A concern that arises with the national standardization of english is linguistic imperialism, a term coined by Robert Phillipson saying that the dominance of English threatens the existence of other, less prevalent languages. and maintains the inequality that exists between languages (Dombi, 2011). With the United States spearheading modernization and globalization, the possibility of linguistic imperialism becomes more clear and more likely for the prominent powers on the world stage. Seeing that the most powerful nations have some integration of English for the sake of international communication, aboriginal languages may ...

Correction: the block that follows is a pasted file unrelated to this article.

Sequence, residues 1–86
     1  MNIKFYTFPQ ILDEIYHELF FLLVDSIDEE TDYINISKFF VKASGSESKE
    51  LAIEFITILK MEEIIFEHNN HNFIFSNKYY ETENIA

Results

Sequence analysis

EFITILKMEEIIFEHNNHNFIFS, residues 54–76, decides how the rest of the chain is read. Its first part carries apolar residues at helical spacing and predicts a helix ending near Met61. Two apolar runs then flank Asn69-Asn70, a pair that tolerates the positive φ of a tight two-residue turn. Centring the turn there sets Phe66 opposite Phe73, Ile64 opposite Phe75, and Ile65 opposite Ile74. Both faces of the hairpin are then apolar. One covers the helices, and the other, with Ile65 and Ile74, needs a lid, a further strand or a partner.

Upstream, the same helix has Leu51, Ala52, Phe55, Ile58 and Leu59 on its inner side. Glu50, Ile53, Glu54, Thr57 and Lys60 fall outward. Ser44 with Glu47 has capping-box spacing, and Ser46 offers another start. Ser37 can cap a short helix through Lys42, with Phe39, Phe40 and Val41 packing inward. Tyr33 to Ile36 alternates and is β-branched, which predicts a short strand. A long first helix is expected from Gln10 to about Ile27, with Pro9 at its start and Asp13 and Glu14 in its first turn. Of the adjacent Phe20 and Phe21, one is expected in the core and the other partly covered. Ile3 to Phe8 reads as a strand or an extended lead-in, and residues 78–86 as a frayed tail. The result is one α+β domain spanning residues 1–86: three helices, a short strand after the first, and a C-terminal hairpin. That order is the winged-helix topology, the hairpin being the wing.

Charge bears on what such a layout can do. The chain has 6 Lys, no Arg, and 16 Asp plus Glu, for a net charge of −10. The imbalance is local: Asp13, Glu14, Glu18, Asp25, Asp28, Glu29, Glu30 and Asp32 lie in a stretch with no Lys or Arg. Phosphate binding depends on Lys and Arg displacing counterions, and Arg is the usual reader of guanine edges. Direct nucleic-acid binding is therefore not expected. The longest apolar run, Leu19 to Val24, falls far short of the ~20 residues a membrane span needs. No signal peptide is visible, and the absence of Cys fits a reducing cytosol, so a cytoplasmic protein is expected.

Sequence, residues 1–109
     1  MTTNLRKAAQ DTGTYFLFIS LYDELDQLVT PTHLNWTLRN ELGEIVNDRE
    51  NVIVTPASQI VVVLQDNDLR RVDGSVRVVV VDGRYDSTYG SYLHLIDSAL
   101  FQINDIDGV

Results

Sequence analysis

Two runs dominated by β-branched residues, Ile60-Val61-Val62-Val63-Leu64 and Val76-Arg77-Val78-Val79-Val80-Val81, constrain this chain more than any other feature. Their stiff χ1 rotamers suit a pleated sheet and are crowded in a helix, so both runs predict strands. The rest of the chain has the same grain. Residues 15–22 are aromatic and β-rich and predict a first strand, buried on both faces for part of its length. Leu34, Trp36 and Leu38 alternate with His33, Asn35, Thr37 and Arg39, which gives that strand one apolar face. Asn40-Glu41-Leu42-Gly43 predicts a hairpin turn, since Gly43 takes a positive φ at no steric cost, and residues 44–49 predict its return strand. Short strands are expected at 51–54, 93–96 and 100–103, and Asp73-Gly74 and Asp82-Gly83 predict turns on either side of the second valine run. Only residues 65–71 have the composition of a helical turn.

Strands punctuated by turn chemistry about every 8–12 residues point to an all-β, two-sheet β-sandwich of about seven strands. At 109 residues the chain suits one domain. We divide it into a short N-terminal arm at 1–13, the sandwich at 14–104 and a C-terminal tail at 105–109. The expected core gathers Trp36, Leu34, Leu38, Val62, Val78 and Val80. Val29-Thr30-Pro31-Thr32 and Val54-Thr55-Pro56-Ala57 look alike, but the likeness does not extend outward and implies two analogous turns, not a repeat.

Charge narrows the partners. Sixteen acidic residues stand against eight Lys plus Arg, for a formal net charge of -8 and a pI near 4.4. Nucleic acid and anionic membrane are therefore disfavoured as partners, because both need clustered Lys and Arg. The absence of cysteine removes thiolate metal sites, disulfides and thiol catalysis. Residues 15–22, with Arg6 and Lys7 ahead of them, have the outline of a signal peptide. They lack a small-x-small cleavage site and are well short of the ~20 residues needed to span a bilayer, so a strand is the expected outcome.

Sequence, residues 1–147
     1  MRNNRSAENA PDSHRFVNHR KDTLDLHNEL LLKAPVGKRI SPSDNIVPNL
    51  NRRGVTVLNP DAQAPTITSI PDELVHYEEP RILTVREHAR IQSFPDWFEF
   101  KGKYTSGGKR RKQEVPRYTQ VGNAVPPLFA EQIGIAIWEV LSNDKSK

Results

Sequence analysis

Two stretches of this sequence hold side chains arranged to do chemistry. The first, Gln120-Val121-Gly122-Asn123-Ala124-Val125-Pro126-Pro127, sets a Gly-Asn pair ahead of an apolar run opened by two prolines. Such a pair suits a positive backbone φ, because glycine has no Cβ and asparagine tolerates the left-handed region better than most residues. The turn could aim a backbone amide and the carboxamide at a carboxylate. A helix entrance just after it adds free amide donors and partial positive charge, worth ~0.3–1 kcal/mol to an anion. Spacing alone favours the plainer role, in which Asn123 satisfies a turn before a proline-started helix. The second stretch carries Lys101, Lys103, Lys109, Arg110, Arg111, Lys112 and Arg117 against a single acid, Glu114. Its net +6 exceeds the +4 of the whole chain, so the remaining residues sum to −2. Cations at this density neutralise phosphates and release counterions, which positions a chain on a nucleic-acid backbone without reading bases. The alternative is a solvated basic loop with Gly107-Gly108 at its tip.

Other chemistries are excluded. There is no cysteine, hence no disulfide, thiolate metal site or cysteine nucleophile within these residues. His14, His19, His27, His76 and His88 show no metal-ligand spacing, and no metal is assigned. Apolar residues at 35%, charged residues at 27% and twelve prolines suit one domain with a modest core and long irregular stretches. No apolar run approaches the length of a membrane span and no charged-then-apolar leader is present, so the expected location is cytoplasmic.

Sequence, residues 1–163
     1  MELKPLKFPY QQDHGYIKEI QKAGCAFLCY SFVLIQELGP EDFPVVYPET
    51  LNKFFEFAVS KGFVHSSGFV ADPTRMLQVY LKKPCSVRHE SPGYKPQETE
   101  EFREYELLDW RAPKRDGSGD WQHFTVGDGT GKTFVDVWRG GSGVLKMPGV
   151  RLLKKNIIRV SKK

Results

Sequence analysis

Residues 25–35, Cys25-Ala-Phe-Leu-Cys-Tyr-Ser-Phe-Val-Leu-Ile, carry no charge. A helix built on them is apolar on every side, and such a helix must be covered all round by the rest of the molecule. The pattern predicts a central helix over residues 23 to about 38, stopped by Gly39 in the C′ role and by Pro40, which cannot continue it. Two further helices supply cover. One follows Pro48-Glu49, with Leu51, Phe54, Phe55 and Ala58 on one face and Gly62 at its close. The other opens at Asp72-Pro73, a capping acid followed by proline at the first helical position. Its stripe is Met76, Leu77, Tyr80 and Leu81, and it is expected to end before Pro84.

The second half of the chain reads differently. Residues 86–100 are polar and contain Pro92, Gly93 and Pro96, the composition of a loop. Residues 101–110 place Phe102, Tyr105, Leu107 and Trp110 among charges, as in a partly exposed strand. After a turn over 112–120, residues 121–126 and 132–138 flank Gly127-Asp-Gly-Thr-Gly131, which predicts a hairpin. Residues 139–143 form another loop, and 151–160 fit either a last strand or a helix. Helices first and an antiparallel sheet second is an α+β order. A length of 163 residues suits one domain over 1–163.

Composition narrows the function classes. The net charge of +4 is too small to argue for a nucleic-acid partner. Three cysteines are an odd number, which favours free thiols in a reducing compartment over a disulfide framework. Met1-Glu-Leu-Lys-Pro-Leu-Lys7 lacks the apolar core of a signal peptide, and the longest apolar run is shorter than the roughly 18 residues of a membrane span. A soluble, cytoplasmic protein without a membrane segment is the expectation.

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... faces] circles. [explain inner middle and outer circle english speakers]. For example, in Japan there are mostly outer circle english speakers because there is not a high concentration of inner circle and middle circle speakers. This means that their command of english is further from native command because they are not in close proximity to inner and middle circle speakers.
Furthermore, instituting ELF will help to facilitate a broader cultural understanding and limit the number of miscommunications in economic transactions. With every party following the same standards, there will be less words lost in translation, therefore, less miscommunication. Having English as a lingua franca does not exclude those who speak English as a first language. In ELF communications, however, the native speakers would not be the ones “setting the linguistic agenda” (Jenkins, 2009).
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